On the Rolling Stones, and Sharing a Passion

 

Last night, the Hubs and Boo went to the Rolling Stones concert.

This was a big deal for both of them – to say that the Hubs is a HUGE fan would be an understatement, and he has shared his love for the Stones with Boo, and for my nine year old, well, this was his first “real” rock concert.  (No offense meant to Ralph’s World, Justin Roberts or the Imagination Movers…)

It was a big deal for Boo, too, because not only does he love the Stones, but he got to leave school a few minutes early to try to beat the Friday Chicago rush hour, and because he would get to stay up WAY past his bedtime, and because it was a special outing with just his Dad and no annoying little sister along.

They had awesome seats. Because I am an awesome wife/mom and I got them awesome seats. But I digress…

Waiting on the Rolling Stones

 

They arrived early at the United Center and took time to look at all the statues and memorabilia on display, which was also a treat as since his return to the US, Boo has become a huge basketball and hockey fan. (Note the Bulls tee!)

The concert was, in a word, “incredible”. It’s pretty amazing that the Stones have been performing for fifty years (I’ve read that their collective age is 274, which was a contributing factor to my decision to let Boo go instead of me, because, honestly, how much longer can they TRULY tour and perform?) The Hubs’ voice had an energy and enthusiasm that I hadn’t heard in a while, and he talked passionately about the performance, the playlist, the stage. He recounted that his favorite comment of the evening was overheard in the men’s room, when a slightly older fan likened the crowd to a “geriatric convention”, which, given how long those boys have been playing, could have been. His enthusiasm was evident and it was clear that this was one of those life moments that would stick with him, and with Boo.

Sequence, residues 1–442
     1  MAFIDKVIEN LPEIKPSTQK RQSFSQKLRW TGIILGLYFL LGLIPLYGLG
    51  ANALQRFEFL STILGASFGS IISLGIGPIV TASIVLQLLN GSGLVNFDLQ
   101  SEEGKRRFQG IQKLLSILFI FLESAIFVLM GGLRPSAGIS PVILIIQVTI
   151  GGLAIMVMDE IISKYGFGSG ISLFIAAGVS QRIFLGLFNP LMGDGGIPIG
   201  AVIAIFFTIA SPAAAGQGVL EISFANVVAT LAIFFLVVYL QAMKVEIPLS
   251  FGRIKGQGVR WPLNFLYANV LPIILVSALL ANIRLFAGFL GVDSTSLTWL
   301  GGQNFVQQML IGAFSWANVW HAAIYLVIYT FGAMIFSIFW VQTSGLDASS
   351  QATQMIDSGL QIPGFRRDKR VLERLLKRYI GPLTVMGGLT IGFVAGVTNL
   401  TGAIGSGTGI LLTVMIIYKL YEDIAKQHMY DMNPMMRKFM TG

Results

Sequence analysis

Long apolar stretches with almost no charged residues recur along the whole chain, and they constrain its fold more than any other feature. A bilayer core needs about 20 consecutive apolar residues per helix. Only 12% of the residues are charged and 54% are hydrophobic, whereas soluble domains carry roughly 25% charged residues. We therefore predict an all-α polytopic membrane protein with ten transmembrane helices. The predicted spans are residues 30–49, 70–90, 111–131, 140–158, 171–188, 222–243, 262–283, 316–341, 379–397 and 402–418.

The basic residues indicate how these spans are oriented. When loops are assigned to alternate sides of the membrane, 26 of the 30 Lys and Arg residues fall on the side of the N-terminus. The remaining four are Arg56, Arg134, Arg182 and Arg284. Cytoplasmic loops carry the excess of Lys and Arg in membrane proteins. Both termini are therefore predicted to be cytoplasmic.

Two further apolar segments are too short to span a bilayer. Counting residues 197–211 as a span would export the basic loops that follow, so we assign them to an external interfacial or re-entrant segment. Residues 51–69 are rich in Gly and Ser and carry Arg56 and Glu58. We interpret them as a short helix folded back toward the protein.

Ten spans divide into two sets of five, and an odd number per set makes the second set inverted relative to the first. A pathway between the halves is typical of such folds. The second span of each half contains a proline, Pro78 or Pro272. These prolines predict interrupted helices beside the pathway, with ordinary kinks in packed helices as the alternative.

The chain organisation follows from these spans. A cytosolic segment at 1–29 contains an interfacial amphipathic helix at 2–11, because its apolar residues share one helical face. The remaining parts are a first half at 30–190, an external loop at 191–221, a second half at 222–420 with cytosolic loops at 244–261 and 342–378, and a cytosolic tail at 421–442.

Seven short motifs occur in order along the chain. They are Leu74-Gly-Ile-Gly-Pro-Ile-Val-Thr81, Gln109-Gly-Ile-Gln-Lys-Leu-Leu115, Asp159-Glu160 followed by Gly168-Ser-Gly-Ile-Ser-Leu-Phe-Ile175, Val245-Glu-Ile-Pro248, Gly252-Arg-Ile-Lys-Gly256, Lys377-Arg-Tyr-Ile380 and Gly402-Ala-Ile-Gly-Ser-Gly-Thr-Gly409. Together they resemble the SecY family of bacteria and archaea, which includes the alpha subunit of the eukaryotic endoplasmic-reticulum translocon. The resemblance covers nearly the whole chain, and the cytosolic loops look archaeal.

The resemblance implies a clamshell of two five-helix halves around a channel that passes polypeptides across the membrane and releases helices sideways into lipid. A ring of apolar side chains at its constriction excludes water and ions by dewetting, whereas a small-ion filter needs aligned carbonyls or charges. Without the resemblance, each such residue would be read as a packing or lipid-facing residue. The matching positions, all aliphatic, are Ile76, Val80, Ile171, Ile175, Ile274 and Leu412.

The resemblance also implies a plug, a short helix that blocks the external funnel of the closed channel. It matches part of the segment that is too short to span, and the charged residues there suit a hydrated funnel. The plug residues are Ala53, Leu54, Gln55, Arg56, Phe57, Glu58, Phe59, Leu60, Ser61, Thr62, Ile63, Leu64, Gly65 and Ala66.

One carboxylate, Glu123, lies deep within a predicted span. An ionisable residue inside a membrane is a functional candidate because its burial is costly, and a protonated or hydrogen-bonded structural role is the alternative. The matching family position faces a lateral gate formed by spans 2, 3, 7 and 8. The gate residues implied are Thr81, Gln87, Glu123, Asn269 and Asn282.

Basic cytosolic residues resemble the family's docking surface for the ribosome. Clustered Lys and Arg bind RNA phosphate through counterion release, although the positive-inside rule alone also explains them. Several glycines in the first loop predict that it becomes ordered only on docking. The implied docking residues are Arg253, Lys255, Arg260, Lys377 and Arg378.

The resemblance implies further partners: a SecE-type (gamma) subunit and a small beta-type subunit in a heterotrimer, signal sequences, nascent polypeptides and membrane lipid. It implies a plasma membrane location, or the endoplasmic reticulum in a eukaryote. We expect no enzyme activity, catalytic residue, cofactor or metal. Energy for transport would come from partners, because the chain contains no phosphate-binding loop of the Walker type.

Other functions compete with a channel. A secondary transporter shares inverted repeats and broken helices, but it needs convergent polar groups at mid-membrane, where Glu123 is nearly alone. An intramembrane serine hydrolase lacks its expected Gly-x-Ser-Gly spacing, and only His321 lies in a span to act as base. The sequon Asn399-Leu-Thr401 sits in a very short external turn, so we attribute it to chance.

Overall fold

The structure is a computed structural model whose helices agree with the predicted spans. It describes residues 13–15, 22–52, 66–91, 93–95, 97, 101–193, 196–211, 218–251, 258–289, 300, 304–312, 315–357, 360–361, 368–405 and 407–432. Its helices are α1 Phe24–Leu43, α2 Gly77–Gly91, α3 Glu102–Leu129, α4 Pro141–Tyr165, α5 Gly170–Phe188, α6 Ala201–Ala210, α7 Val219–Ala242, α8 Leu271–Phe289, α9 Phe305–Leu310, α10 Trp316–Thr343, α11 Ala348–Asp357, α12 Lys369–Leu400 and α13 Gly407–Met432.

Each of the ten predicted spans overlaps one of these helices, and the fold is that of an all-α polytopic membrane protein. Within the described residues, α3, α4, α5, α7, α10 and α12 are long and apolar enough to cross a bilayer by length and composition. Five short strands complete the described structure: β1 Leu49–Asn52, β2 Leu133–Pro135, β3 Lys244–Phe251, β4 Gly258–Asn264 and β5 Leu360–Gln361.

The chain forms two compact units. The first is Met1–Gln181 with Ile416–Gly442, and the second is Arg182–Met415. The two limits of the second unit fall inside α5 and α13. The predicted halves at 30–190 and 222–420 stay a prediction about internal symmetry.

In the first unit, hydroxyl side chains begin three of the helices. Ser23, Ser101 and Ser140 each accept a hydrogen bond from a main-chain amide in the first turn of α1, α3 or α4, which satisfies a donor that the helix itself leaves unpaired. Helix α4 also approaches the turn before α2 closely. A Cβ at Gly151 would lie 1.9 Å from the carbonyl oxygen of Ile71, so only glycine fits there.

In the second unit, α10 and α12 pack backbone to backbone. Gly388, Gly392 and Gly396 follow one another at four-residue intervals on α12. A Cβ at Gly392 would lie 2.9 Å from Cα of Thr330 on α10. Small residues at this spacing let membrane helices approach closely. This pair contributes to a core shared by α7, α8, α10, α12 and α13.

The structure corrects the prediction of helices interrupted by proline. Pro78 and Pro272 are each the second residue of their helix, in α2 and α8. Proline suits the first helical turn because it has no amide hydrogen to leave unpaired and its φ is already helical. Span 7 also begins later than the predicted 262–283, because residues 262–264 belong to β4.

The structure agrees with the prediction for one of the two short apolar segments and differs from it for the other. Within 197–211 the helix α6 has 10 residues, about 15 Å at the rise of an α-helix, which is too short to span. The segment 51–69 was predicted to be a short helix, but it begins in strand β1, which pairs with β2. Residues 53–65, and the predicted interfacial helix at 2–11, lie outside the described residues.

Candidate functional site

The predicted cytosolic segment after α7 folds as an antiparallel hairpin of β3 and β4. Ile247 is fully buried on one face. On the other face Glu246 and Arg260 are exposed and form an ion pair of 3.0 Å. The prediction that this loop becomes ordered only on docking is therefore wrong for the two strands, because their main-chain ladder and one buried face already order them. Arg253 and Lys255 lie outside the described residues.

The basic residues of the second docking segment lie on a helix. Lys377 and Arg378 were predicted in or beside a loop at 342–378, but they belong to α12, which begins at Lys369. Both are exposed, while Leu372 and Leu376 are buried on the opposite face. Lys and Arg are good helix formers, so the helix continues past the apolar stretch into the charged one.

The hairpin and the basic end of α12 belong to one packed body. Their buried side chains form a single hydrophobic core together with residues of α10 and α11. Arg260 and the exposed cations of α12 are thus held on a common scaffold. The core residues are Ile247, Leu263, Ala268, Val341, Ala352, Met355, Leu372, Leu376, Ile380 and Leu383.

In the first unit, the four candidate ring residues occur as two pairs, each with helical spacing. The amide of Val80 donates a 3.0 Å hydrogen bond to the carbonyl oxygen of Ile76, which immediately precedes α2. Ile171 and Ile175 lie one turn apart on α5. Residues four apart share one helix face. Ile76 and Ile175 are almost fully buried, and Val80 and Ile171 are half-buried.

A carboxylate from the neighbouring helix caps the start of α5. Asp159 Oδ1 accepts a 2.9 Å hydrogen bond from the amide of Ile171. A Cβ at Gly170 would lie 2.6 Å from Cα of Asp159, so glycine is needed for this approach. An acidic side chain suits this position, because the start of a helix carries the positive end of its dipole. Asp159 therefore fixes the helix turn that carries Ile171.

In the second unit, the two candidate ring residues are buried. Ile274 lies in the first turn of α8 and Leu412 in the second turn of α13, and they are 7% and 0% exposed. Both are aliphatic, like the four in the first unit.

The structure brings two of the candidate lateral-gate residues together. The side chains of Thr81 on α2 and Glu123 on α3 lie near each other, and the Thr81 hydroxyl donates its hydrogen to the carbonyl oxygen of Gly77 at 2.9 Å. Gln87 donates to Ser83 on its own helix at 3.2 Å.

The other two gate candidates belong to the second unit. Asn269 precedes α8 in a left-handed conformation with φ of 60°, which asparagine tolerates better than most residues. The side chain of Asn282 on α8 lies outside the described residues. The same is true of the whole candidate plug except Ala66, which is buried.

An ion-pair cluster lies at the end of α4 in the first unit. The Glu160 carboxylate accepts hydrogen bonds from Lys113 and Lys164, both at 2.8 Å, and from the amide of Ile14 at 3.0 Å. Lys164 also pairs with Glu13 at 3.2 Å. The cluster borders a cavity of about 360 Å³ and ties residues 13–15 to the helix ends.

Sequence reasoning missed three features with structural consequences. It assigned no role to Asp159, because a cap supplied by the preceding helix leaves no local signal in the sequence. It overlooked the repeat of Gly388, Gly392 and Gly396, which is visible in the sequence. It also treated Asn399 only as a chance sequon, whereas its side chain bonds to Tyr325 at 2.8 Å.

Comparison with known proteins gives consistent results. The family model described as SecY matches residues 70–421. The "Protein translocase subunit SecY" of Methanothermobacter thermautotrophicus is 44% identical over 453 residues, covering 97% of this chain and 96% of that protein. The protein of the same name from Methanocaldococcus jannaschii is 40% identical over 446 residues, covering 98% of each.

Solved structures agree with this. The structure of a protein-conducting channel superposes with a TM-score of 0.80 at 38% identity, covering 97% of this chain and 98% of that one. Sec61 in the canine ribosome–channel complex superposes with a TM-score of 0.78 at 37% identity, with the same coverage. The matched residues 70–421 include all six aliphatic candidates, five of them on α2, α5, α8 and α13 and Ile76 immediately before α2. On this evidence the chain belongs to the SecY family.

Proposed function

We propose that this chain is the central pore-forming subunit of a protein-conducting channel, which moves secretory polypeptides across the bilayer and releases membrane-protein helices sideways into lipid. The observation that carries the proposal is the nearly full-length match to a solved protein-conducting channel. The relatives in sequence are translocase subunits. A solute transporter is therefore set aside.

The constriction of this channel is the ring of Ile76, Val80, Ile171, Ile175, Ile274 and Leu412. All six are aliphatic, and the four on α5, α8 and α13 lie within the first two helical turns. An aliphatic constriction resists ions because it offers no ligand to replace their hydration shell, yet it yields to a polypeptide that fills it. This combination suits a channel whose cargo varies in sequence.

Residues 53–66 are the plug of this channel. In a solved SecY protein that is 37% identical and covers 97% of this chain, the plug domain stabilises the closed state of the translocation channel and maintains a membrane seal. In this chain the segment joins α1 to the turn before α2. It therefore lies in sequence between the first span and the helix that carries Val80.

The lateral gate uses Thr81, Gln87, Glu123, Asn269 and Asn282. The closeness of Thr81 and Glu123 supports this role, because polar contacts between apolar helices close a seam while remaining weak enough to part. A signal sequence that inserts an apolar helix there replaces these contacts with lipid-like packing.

What I didn’t expect to hear, as we sat on the grass of the soccer fields between matches today, was the passion in the Hubs’ voice recounted the evening to me. I don’t think I ever appreciated the love he has for the band, and how profoundly a part of his youth that their music was

I didn’t expect the power of being able to share that experience, that passion, with his son. That as he pointed out the intensity of Charlie Watts (the drummer), or the joy on the face of Mick Taylor, returning to play with the band, and seeing Boo get it, really get it, he would get emotional. That it would be such a powerful moment for him, this shared experience.

Yes, teary eyed. That’s my husband, bless him.

There is real magic in being able to share something, or someplace, that has real meaning for you and for which you have a real passion. To be able to share that love with your own child, something that found its way into your heart and have it have meaning in their own life – that is a gift given to both.

THAT is probably the best anniversary gift he could ever have been given, the best father-and-son moment, all wrapped up in a package of music and lights and experience.

Well, that, and a concert t-shirt.

 

Comments

  1. Was the t-shirt for Sam or Pete or did they both get one. Hope they did.

  2. Gmom Phyl says

    What a lovely post, Jenn. I believe you captured their experience in words. Thanks.

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